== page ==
Groups push for federal hate crime probe into NC killings of 3 Muslims

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CHAPEL HILL, N.C. — Authorities in North Carolina have yet to label the killings of three young Muslims a possible hate crime.

But 150 civil rights and faith groups want the federal government to do just that.

In a letter Friday to Attorney General Eric Holder, the groups said there is enough circumstantial evidence to “warrant a federal hate crime investigation” into the deaths of Deah Shaddy Barakat, 23, his wife Yusor Mohammed, 21, and her 19-year-old sister Razan Abu-Salha.

Such a step would be important to those victims’ families, as well as many other Muslims across the United States, states the letter, which is signed by a number of Islamic and Arab organizations plus Jewish, Sikh, Asian-American and other groups.

“Federal leadership is necessary in this case in order to send the strongest message to the public that acts of violence like these have no place in civil society and will be prosecuted to the fullest extent of the law,” the groups write. “…As American Muslims and those perceived to be Muslim now, more than ever, fear for their safety, the American people need to hear a strong message our nation’s chief law enforcement officer.”

They aren’t the only ones demanding action from Washington. The story has also gotten traction internationally, with Turkish President Recep Tayyip Erdogan saying he has called President Barack Obama, Vice President Joe Biden and Secretary of State John Kerry about it.

President Obama, Mr. Kerry, (Vice President) Biden, at this point have not made any declaration of respect,” Erdogan said. “This is telling … And if you stay silent when faced with an incident like this and don’t make a statement, the world will stay silent towards you.”

Friend: ‘No one should die like that’

It’s not just that these three died Tuesday in the college town of Chapel Hill, but how — in what appears to be a summary execution, with shots fired to their heads.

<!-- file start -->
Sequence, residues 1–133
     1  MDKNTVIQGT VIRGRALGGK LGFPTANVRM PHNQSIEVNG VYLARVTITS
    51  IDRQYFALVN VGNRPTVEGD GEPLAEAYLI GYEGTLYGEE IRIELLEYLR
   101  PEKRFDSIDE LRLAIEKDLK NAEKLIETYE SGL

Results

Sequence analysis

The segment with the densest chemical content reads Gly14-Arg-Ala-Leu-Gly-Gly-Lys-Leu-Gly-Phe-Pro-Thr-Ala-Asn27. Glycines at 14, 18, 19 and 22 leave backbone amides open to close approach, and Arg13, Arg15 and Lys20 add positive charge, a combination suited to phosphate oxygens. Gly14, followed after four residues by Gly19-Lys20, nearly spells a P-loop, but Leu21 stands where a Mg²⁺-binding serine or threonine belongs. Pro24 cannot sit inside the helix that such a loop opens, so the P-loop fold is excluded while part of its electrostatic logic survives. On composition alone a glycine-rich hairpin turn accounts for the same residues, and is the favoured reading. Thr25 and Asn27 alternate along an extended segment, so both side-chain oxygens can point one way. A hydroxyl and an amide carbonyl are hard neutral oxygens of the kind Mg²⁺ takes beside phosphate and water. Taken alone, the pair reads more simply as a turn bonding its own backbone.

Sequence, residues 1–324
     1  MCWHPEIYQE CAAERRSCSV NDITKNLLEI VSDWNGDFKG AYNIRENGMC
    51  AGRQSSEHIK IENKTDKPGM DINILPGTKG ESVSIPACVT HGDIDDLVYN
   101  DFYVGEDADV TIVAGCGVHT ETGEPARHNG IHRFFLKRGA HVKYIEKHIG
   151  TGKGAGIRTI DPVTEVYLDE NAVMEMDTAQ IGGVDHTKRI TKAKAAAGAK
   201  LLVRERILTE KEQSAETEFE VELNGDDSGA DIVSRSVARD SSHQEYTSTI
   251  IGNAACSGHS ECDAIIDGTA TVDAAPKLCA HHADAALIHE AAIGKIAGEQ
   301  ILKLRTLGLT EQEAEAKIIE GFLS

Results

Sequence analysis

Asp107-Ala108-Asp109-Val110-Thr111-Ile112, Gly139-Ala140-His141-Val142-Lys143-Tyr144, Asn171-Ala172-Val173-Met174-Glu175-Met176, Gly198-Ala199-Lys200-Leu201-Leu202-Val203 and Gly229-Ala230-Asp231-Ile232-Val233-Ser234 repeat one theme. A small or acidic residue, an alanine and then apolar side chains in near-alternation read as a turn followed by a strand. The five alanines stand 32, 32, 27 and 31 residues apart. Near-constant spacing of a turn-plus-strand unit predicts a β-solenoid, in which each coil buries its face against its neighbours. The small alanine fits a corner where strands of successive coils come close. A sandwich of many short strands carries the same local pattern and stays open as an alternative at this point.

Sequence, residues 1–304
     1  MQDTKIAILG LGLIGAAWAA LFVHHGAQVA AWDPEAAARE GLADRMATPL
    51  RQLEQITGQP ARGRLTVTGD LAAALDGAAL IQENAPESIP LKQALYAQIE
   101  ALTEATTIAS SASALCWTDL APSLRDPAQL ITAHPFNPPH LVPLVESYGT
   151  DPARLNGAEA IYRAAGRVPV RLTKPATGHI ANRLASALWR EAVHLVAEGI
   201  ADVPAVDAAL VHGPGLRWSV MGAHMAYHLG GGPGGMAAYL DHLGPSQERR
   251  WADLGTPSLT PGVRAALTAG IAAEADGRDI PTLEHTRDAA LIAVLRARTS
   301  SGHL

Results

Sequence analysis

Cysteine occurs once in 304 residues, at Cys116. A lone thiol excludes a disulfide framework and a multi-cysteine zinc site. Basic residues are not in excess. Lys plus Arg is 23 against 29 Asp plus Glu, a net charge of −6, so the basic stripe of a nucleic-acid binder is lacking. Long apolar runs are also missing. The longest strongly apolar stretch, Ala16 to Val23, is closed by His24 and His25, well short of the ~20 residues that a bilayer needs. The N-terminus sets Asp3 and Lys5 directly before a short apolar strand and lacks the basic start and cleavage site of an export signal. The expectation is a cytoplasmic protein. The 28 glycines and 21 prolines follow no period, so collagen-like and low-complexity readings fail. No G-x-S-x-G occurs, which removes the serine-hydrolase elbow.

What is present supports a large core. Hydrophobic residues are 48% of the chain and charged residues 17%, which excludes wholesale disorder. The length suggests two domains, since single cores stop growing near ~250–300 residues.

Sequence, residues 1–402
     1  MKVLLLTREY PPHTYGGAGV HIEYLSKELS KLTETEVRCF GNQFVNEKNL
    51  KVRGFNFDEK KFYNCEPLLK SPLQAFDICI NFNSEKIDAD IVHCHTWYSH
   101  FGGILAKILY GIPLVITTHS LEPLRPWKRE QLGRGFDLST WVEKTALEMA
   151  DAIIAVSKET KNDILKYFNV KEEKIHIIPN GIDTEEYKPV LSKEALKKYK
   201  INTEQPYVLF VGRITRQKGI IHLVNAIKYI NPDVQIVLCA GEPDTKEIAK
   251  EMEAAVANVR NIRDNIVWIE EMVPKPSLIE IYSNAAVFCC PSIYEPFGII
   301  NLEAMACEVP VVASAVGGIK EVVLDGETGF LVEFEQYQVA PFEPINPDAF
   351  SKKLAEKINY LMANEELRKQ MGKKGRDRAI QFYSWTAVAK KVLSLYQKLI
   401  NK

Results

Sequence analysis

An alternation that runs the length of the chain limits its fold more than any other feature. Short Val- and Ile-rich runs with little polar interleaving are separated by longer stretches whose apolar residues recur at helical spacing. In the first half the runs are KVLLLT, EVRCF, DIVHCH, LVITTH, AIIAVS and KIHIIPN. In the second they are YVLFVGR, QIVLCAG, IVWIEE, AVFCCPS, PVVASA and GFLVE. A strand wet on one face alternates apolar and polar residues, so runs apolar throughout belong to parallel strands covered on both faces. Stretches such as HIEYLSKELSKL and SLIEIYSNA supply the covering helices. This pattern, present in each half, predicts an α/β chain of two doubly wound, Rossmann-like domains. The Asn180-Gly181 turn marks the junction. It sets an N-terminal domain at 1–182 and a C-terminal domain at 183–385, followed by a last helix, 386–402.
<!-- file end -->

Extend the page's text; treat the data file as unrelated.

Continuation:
There’s not a lot of question about the suspect: A neighbor of the three victims, 46-year-old Craig Stephen Hicks, turned himself in to police the same night and has been charged with murder.

The bigger question is why the were killed.

Many of the victims’ friends and relatives gathered Thursday for their funerals and for candlelight vigils on college campuses such as North Carolina State University in Raleigh, which is where Barakat met his future wife, and where she and her sister went to school.

“These three people, as young as they were, were a source of inspiration, warmth and light for our community,” said one woman speaking at the vigil.

That’s how Nada Salem knew them. They weren’t just Muslims, she said of her friends, but “three good people that died.”

“No one should die like that,” Salem told CNN’s “New Day,” “especially when you’re that great.”

Victim said neighbor carried gun when complaining over noise

Mohammad Abu-Salha — the father of the two slain women — thinks their deaths were a hate crime. The problems started not when Barakat lived in the condo by himself but when Yusor Mohammad, who wears a hijab, moved in.

He said his daughter told him, referring to the neighbor, “Daddy, I think he hates us for who we are and how we look.”

Yusor Mohammad’s good friend, Amira Ata, agrees that something doesn’t add up.

“If he went and maybe killed all the neighbors, maybe then we can be like, ‘Oh, he has an issue,'” she told CNN, and she recalled one time Yusor Mohammed told her about the neighbor coming over with a gun to complain about noise.

“We were completely shocked because it’s not normal for you have to have a disagreement of some sort with your neighbor and for you to go over there with a gun,” Ata said.

“They were our friends, and we feel like they were targeted for a reason,” she said.

Suspect’s wife: Shooting has to do with parking, not religion

Police said Hicks has no prior criminal record and is cooperating with the investigation.

Rob Maitland, the lawyer for Hicks’ wife, Karen, said the shooting “highlights the importance of access to mental health care services.”

Karen Hicks, who has been in the process of divorce, said her husband had been at odds with various neighbors of various backgrounds over parking. That’s what this is about, she says, contending that what happened is not a hate crime.

She said, “I can say with my absolute belief that this incident had nothing to do with religion or the victims’ faith.”

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